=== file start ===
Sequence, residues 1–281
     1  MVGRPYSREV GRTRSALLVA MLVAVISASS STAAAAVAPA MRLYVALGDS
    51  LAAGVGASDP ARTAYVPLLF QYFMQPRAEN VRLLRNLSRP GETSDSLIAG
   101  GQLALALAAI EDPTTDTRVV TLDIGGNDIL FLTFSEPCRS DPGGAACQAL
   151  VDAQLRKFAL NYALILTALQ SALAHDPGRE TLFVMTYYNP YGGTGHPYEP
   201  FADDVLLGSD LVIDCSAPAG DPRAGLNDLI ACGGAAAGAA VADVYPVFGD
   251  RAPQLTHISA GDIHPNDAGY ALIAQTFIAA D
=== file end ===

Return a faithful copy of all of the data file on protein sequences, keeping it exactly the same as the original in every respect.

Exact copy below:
Sequence, residues 1–281
     1  MVGRPYSREV GRTRSALLVA MLVAVISASS STAAAAVAPA MRLYVALGDS
    51  LAAGVGASDP ARTAYVPLLF QYFMQPRAEN VRLLRNLSRP GETSDSLIAG
   101  GQLALALAAI EDPTTDTRVV TLDIGGNDIL FLTFSEPCRS DPGGAACQAL
   151  VDAQLRKFAL NYALILTALQ SALAHDPGRE TLFVMTYYNP YGGTGHPYEP
   201  FADDVLLGSD LVIDCSAPAG DPRAGLNDLI ACGGAAAGAA VADVYPVFGD
   251  RAPQLTHISA GDIHPNDAGY ALIAQTFIAA D